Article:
Your baby is now the size of a Crenshaw melon, measuring between eighteen and a half (18.5) and twenty and a half (20.5) inches from head to heel and weighing about six (6) pounds. You are in your ninth month of pregnancy.
By week 36 of pregnancy, your baby is almost fully developed and mature. From now and until birth, your baby will continue to gain about an ounce a day and may grow a little bit in height. Most babies measure between nineteen and twenty-one inches in length at birth. Your baby’s lanugo, downy fine body hair, is gone, and the vernix also begins to disappear. Babies born earlier tend to be covered in more vernix while babies born later tend to have little or none. Your baby practices the skills necessary for survival outside the womb including sucking, swallowing, and breathing. Meconium, which is a black mixture that will be your baby’s first bowel movement, continues to form in your baby’s intestines.
Most babies have moved into the head down position with the buttocks towards your ribs by week 36 of pregnancy. You may even be able to feel that cute little bum pressing into your lungs. Your baby may drop down into your pelvis in preparation for birth any time between now and labor, which may make breathing a lot easier for you. If your baby is still stubbornly sitting up, your health care provider may suggest an external cephalic version, which is a procedure in which a medical professional turns your baby by manipulating him or her from outside of your belly. Many stubborn babies also spontaneously turn into the head down position prior to labor without an external coaxing, so try not to worry if your baby is still breech by week 36 of pregnancy.
Once your baby drops sometime during or after week 36 of pregnancy, you may find yourself with a renewed sense of excitement. Lightening, which is the process in which the baby moves into the pelvis, can bring some relief to heartburn and can make breathing easier. Unfortunately, however, lightening can also cause increased pressure in the lower abdomen including increased vaginal pressure and can make walking even more difficult. Your uterus extends well past your belly button and into your ribs. As the labor and birth near, you may find yourself suffering from increased backaches, constipation, and discomfort in your buttocks and pelvis. You may also notice more frequent Braxton Hicks contractions as your body prepares to give birth. If you notice severe contractions similar to menstrual cramps, any vaginal bleeding, leaking amniotic fluid, fever, a severe or persistent headache, or vision changes, contact your health care provider immediately because you may be in labor. You may also find yourself engaging in nesting behavior around week 36 of pregnancy. If you feel the sudden urge to cook or clean, your body is just helping you get ready for the impending birth of your baby.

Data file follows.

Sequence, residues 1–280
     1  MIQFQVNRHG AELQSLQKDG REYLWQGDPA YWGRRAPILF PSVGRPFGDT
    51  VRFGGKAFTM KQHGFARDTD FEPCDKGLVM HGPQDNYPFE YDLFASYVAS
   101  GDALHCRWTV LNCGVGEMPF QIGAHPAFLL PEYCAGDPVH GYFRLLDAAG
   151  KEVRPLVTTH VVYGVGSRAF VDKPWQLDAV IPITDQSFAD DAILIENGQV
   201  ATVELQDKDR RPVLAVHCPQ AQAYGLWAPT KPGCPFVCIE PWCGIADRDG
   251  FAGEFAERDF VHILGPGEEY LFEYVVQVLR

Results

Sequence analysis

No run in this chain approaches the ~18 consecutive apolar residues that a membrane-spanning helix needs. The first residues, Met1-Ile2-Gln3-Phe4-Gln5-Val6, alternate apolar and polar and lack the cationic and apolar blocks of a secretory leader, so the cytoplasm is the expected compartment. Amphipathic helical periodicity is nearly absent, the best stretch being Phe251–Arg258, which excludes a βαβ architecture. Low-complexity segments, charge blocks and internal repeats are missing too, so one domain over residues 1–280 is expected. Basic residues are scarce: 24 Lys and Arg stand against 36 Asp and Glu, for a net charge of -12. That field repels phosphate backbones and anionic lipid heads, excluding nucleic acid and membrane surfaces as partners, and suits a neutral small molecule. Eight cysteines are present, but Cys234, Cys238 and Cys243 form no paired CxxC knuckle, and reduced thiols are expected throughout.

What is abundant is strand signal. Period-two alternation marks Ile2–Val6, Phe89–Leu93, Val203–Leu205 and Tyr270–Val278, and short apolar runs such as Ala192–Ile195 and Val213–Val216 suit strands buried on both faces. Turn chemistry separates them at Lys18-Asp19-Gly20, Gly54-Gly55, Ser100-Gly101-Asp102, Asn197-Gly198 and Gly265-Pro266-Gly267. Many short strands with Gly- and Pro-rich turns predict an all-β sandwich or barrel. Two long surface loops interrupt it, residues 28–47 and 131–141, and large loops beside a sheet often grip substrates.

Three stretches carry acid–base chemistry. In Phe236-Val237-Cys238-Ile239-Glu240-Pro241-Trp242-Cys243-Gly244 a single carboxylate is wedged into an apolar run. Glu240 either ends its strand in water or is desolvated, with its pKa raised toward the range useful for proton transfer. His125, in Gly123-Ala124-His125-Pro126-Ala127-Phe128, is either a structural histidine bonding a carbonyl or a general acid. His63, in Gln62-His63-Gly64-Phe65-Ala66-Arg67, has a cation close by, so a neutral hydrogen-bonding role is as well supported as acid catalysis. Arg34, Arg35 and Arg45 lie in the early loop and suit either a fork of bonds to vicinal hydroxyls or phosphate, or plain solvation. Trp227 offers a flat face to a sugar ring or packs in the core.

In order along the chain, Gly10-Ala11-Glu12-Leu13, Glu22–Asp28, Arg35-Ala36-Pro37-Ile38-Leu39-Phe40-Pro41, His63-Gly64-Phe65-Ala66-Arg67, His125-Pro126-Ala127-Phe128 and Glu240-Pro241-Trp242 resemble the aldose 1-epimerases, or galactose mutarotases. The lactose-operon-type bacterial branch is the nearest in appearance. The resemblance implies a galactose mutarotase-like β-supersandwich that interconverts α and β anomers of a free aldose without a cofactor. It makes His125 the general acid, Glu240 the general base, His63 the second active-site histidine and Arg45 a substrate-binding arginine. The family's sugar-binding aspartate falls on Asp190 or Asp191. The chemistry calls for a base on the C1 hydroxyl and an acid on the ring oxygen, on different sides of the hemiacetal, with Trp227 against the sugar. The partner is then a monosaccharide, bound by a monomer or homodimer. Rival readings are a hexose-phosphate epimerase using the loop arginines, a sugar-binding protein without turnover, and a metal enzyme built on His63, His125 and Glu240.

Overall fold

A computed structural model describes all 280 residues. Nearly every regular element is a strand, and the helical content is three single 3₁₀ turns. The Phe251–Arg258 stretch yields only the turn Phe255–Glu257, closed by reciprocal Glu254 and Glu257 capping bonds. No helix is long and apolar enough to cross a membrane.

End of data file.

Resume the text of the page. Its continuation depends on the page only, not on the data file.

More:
During week 36 of pregnancy, you will likely continue seeing your health care provider for a checkup each week. Until your baby drops, you may notice increased heartburn and indigestion. Your abdomen may be dry and itchy as the skin stretches over your protruding belly for which lotion, oil, and cocoa butter may bring some relief. If you have red, itchy bumps or welts on your abdomen, thighs, or buttocks, you may have pruritic urticarial papules and plaques of pregnancy (PUPP or PUPPP), which affects about 1% of pregnant women. PUPP is annoying but harmless and should disappear after you give birth. Other symptoms during week 36 of pregnancy include odd dreams, nervousness or anxiety, forgetfulness, clumsiness, stretch marks, varicose veins, hemorrhoids, mild swelling of the feet and ankles, bloating, constipation, flatulence, increased vaginal discharge (leukorrhea), more frequent urination, loose joints, difficulty sleeping, and fatigue.
Disclaimer: The information provided in this article is not meant to replace the professional medical advice of your health care provider.
36 weeks pregnant: http://www.babyzone.com/pregnancy-week-by-week/36-weeks-pregnant_70904
Curtis, Glade B. & Judith Schuler. 2011. Your pregnancy week by week. 7th edn. Philadelphia: Running Press.
Skin changes during pregnancy: http://www.americanpregnancy.org/pregnancyhealth/skinchanges.html
Stone, Joanne & Keith Eddleman, eds. 2003. The pregnancy bible: Your complete guide to pregnancy and early parenthood. Willowdale, Ontario: Firefly Books.
Your pregnancy: 36 weeks: http://www.babycenter.com/6_your-pregnancy-36-weeks_1125.bc
Your pregnancy week by week: Weeks 35-40: http://www.webmd.com/baby/guide/your-pregnancy-week-by-week-weeks-35-40
Ultrasound Sound of 36 Week Fetus: http://commons.wikimedia.org/wiki/File:Fetus_Penis_Erection.jpg
Baby Bump with PUPP at 36 Weeks: http://commons.wikimedia.org/wiki/File:PUPPP_2007-05-06_left.jpg
Crenshaw Melons: http://commons.wikimedia.org/wiki/File:Melons_in_Freiburg_-_DSC06501.jpg